How the outdoors and recreation saved my life

Columnist recalls nature and sports helping her through difficult times

By Fawn Logan-Young

Illustrations by Briana Corr Scott

That headline might be a little dramatic, but it’s true.The outdoors, in combination with recreation and sports, truly saved me time after time. 

Let’s go back to some of my first memories, when I was around five. I was living in downtown Toronto but had my own piece of paradise in my backyard. I called it Kid Zone. My father used the front half of the yard for his garden, while the back half was — to my young mind — like a jungle. Looking back now, it was just a jumble of blackberries and overgrown bushes. 

I would spend hours digging, finding interesting items like animal bones and old spoons in the dirt. I would try and mimic my father’s garden with dandelions and anything else lush I could get my muddy hands on. I would climb my favourite tree because it had perfect step-like branches. I collected pieces of wood from around the neighbourhood and installed it onto the branches so I could get higher and higher. I would spend hours up there eating blackberries. My mother would get mad at me because she would find trailing berry shoe prints from the back door straight to the culprit: me. 

When I got a bit older, our family dynamic changed. My parents divorced and my father experienced addiction. This led to my mom, brother and I moving to her home province of Nova Scotia when I was 11. 

Before the move, during the family conflict that was happening around me, I spent all my time in Kid Zone. When everything was unfolding inside the house, I was outside. I was creating a new world. I turned Kid Zone into my imaginative “dream home.” 

In warm weather, I had a sink made from a plastic-wrapped hole in the ground. I would have the house special, blackberries, for a snack and do my homework. In the winter, I had a similar set-up, but with snow and wearing a lot more layers. If it wasn’t for being able to escape the madness by going to Kid Zone, I don’t know who I’d have become. 

Fast forward to junior high and high school in rural Nova Scotia.

I tried almost every recreational activity I possibly could. I played flute in the band. I joined planning committees. I tried table tennis, track and field, soccer and volleyball. Basketball appealed to me the most. 

It was during my basketball years that my community came into play. It truly does take a village to raise a child. The amount of financial and attentive support I received from coaches and parents blows my mind when I reflect on it as an adult. I don’t know if I would have graduated high school if it wasn’t for basketball. It motivated me to get out of bed and to keep my grades up so I could keep playing.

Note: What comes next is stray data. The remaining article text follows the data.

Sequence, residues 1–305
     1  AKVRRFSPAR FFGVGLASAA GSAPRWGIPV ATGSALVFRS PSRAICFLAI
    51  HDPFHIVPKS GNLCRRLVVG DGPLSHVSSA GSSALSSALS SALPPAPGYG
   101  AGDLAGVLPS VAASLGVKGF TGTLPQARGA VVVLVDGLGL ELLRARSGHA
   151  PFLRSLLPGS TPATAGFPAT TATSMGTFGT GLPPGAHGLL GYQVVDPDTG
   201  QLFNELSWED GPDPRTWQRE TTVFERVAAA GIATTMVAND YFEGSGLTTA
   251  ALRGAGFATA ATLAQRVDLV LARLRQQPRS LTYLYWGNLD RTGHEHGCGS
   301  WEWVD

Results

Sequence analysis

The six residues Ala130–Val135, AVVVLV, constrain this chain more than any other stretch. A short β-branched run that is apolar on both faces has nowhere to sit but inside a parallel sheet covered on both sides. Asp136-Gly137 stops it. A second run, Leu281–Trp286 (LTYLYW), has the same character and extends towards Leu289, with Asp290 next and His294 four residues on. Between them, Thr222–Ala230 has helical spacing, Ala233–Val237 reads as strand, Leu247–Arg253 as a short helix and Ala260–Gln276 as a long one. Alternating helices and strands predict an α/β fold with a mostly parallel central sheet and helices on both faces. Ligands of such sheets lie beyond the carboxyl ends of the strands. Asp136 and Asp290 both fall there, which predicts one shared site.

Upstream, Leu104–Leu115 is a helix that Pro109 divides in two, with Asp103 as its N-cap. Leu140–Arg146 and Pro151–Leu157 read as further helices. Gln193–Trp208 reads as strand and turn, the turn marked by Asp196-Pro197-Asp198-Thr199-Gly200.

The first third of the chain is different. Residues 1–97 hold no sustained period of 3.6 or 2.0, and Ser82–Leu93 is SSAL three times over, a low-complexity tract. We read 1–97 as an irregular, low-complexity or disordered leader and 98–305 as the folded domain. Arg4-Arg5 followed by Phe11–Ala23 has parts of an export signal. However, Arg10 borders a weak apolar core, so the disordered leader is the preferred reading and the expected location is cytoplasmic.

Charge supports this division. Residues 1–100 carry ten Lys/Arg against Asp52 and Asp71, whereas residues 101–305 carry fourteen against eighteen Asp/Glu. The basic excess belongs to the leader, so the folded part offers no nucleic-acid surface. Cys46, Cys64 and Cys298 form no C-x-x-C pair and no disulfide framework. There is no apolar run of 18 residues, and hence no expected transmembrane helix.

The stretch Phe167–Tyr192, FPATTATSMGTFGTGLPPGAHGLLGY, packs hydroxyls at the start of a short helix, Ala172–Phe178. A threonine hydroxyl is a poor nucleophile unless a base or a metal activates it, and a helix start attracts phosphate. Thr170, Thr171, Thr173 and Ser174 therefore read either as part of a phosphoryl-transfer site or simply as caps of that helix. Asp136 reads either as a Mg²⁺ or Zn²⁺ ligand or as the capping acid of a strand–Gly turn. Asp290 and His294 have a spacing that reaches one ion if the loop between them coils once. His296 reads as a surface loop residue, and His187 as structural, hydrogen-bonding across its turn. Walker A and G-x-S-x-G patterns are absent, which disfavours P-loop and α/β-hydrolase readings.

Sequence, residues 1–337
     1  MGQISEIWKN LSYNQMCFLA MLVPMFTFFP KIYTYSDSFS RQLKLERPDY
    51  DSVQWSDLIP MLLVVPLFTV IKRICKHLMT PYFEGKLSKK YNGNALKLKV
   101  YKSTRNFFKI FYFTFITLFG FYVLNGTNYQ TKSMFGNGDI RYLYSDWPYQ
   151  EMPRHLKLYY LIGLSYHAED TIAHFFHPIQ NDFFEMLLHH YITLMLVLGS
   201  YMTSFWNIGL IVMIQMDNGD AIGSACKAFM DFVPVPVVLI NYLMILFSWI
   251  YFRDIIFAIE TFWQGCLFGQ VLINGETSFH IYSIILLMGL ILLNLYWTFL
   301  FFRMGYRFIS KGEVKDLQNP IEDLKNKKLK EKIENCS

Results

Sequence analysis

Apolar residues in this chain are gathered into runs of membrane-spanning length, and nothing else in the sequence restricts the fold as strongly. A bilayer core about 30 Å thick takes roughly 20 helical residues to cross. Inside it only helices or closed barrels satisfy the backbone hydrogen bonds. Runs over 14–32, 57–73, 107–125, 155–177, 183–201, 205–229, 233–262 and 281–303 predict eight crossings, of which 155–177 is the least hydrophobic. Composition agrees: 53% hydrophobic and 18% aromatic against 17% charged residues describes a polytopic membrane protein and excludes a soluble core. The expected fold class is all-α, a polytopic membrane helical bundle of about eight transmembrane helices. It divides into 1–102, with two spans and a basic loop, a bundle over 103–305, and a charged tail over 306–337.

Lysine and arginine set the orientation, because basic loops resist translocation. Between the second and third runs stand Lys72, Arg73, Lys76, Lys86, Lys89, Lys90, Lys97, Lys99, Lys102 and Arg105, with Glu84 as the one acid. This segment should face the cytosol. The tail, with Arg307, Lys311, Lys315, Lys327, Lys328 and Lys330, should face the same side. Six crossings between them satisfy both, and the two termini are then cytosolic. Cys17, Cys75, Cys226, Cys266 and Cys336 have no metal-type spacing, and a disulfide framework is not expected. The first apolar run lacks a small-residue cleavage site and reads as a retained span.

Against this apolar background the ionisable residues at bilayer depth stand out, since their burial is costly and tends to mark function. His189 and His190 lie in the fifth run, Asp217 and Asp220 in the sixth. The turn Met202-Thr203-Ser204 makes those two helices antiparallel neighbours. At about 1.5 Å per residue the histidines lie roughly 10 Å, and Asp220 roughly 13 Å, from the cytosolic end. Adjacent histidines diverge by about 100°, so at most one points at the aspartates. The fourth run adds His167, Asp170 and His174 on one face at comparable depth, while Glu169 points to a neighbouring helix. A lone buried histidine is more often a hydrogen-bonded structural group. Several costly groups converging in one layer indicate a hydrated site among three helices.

In high school, we had tournaments almost every weekend. This meant hotels, dinners and travel. During this time, I was working two jobs and my mother could only pitch in so much. Anything basketball-related, like shoes and fees, I was paying on my own. Even then, I could not afford the weekend tournaments.

Although I’ve never confirmed it, I’m pretty sure my basketball coach used to pay for my hotel fees out of his own pocket. I remember him sliding me a $20 once, right before we sat down to have a team dinner at a nicer restaurant, versus our usual fast-food runs. I cannot explain the relief I felt, knowing full well I had $15 in my account to get me through the weekend. 

In high school I had a runaway spot, which offered me the same solace as Kid Zone. It was the Gibraltar Rock Loop, a beautiful 3-km hiking loop, with a 1-km steep incline near Meaghers Grant. I would sit at the top peak and read, write, take photos and sometimes, just cry. Not only was this my spot as a youth, but I still go there today. 

I’ve hiked this loop hundreds of times. One fall, after moving home from Montreal, and recovering from a breakup, I vowed I would run or hike the loop every day to get over my blues. I did, and it helped.

This trail is the place I go to ground myself. It’s where I reflect on who I was and who I have become. Considering the instability in my early life, this is the place I truly call home. 

Recreation and taking time outside will always remain on my agenda. There is always time to smell the flowers or slip in a 10-minute run (or whatever gets your blood flowing). Although I appreciate the benefit to my physical health, it’s the mental health benefits that have kept me going.  

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